A slight round up at the mark and then the final furlong to the finish, but we were still overpowered with the mizzen topsail set on the windward side. The foredeck team came back, Bryan shot up the mizzen ratlines and down she came with an assisting hand over the mizzen peak halyard so as not to get the topsail snagged or jammed on any running gear aloft. It came down much easier than expected but there was no time to think about our luck because we were getting closer to Naema and Shenandoah was now galloping at full charge to the finish.
Now we were down to 6 sails and still overpowered but we were using it to our advantage. We kept the mizzen sail over-trimmed to drive us to windward and the sheet team on the hydraulic winches of the Main, Fore and outer jib were in control of the yachts heal angle. Each time the caprail dipped under water and turned the middeck into an aquarium, the guys in great synchronisation eased the sheets preventing the heal from becoming dangerous. At the same time, I was on the helm pushing the boat as hard as I could to windward taking advantage of every inch, of each gust, pinching her up not only to depower the boat but also to keep us up on the lay line to the finish. From the helming position at the stern of Shenandoah I could see all the crew fully focused on the task ahead. We were pushing the boat to the absolute limit and she was responding with total grace. She was in her element and so was I, watching each wave breaking over the windward bow throwing up a spray that lashed down the deck, bellowing over the cockpit and turning into a white mist over the aft deck. It was just amazing; the wind, the view, the taste of the saltwater spray and the taste of victory all mixed in the air. Watching the crew was magical, they were clearly all in harmony saying ‘come on, is that all you’ve got?? We can take more!!’ We can do this!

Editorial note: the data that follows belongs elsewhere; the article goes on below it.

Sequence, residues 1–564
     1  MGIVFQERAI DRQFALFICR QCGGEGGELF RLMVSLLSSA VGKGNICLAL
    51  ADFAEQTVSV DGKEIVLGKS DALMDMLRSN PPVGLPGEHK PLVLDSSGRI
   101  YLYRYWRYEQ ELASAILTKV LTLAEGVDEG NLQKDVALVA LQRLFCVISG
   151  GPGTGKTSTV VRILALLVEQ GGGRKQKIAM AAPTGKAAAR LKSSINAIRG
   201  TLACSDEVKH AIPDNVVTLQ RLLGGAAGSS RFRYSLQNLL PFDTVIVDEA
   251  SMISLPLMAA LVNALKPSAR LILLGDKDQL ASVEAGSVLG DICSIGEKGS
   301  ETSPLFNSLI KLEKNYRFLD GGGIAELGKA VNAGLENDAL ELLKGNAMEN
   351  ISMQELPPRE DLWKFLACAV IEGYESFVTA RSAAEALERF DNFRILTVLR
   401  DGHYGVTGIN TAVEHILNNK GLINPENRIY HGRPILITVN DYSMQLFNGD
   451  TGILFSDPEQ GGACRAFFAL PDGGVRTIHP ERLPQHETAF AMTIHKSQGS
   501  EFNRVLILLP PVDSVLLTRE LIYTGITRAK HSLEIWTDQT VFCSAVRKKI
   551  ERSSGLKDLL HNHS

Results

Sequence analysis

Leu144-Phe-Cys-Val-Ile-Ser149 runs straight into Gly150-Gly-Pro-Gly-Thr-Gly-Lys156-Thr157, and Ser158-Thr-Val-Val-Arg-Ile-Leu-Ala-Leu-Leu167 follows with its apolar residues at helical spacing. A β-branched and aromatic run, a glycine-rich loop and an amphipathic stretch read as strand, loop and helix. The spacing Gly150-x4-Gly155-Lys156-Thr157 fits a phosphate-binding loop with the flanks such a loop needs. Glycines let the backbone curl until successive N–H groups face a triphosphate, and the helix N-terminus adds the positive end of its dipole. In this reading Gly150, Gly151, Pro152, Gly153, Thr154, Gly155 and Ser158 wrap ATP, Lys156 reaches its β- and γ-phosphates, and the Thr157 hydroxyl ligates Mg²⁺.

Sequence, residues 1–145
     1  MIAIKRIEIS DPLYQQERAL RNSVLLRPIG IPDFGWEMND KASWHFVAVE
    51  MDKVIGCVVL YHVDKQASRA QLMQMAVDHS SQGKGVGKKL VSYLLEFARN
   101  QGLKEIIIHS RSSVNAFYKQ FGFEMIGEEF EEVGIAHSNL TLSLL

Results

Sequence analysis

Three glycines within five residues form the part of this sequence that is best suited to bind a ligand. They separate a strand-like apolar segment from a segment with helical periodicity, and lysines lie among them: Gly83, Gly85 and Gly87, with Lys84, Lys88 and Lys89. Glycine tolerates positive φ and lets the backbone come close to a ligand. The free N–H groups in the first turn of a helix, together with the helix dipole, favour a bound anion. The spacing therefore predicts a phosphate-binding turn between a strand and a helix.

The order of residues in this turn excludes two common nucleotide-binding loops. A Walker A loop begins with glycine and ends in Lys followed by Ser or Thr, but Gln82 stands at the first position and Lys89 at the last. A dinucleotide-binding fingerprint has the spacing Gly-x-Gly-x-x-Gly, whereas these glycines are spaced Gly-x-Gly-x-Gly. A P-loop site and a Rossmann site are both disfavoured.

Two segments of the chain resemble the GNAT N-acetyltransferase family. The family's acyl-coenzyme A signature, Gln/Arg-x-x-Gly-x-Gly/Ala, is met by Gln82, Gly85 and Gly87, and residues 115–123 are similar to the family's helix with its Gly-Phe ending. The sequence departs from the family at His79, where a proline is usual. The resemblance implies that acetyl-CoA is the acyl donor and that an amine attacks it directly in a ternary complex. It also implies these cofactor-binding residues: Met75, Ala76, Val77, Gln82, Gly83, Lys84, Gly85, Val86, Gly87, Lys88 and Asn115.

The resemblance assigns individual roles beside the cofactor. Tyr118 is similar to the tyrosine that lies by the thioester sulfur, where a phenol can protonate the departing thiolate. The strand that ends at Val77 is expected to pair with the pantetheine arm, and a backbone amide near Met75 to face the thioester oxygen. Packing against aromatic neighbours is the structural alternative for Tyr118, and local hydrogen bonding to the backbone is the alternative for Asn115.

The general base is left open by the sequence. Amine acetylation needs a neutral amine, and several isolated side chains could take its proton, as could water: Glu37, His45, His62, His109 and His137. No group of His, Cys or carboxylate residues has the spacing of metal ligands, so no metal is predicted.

The leg was short but we had reeled in Naema, who by now had to make a tack to cross the finish line. We had managed to keep Shenandoah on the lay line and blasted across the finish 15 m from the pin end to take the victory and the 2022 Rolex Trophy.
We had sailed a race with only one gybe and no tacks. It was quite simply our day, and as the gun sounded when we crossed the finish the atmosphere was euphoric. Never in our wildest dreams did we believe we could win a regatta like this with Shenandoah, but we’d done it, and each and every crew member was on a real high for days following this historic victory.